We have been discussing the growing limitations and litigation over copyright and trademark claims in this country. U.S. District Judge Keith Ellison granted a temporary injunction in a trademark infringement suit filed by the University of Houston Law Center against the Houston College of Law (formerly known as the South Texas College of Law). Judge Ellison found that there was a sufficient showing that the new name and the school’s red-and-white colors infringed the trademark of the University of Houston Law Center. The Houston College of Law dominantly features a warning that it is not affiliated with the Houston Law Center on its website and material. The opinion is linked below.
The FBI investigation into the Clinton email scandal seems to grow more questionable by the day. As I discussed earlier, the five immunity deals handed out by the Justice Department were, in my view, largely unnecessary and undermined the development of any criminal case. Now, House investigators have learned that Justice Department officials, in addition to their immunity deals, cut a “side agreement” with Cheryl Mills and Heather Samuelson for agents to destroy their laptops after searching their hard drives for evidence. With Congress seeking the information, the side deal clearly would obstruct that investigation and the details of the side agreement make little sense if the FBI were pursuing any and all evidence of criminal conduct.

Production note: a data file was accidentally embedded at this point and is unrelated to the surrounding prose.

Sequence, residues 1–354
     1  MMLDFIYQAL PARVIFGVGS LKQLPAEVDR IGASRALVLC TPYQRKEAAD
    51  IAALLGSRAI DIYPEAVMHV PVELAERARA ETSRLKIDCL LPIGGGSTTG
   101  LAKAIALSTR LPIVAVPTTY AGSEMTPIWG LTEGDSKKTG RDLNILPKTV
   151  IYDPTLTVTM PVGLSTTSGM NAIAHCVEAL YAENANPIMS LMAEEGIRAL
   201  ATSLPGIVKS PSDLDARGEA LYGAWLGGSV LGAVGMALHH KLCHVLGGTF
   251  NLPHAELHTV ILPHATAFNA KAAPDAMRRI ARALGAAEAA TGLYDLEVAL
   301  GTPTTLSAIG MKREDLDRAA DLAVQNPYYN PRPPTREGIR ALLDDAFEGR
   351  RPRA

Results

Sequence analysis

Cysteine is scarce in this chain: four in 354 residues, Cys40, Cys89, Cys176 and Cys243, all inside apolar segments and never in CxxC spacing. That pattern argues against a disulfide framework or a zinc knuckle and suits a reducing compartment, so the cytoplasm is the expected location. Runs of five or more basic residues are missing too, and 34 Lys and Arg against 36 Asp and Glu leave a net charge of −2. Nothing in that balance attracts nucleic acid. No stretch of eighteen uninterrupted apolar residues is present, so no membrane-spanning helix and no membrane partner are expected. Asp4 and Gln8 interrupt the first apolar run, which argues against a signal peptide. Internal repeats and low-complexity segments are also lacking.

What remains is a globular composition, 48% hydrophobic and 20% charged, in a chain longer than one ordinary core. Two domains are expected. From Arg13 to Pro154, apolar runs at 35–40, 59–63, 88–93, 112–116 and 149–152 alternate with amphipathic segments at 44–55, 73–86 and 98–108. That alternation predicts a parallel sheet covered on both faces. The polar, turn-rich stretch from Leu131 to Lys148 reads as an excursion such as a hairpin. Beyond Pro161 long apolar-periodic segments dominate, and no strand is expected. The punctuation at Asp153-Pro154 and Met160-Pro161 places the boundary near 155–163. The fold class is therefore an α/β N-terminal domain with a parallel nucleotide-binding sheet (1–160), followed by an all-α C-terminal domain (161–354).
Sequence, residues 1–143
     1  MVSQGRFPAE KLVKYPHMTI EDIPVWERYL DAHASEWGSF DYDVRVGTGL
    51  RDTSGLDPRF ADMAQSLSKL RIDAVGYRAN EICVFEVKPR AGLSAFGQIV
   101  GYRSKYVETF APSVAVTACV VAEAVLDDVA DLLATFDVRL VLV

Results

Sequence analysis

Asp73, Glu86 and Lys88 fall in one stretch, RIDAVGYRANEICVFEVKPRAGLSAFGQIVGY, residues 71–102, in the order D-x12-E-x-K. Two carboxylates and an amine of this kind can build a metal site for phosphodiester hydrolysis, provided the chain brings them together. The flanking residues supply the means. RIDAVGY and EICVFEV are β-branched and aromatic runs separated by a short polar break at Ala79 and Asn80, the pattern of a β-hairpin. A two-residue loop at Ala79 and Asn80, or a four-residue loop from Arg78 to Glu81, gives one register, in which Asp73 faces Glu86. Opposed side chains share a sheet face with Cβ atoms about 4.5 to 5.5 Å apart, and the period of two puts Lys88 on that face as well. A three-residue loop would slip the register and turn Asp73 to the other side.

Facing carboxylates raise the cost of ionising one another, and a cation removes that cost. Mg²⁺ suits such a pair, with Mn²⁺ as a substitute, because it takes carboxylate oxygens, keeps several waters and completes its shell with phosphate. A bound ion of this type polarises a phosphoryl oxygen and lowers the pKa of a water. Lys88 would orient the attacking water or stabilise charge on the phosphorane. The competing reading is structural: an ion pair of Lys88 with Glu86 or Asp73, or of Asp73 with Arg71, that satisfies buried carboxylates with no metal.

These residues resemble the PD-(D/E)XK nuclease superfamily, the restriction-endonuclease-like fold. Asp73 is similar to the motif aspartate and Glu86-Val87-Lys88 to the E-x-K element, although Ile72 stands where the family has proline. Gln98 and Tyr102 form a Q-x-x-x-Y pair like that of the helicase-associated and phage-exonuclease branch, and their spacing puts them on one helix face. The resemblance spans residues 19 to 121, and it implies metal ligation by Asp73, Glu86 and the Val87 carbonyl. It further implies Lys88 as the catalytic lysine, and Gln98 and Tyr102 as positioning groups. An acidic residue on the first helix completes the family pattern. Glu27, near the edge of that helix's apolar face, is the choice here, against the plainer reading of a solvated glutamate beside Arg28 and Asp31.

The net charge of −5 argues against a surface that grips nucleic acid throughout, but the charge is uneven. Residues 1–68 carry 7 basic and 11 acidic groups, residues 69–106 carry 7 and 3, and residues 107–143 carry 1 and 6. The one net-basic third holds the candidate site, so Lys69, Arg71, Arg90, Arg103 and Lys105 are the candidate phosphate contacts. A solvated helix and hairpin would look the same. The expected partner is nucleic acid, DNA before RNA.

By Darren Smith, Weekend Contributor.
Plaintiff Stephanie Ross Desimone filed suit against the Kingdom of Saudi Arabia alleging the nation provided material support to Al-Qaida in its terror attacks against the United States on September 11th, 2001. This represents the first of such filings–there–are almost certainly to be many following, since the United States Congress last Wednesday overrode President Obama’s veto of a sovereign immunity bill allowing foreign governments to be sued in the United States for supporting terrorist acts within the US borders.
Stephanie’s husband, Navy Cdr. Patrick Dunn, was murdered when American Airlines Flight 77 crashed into the Pentagon.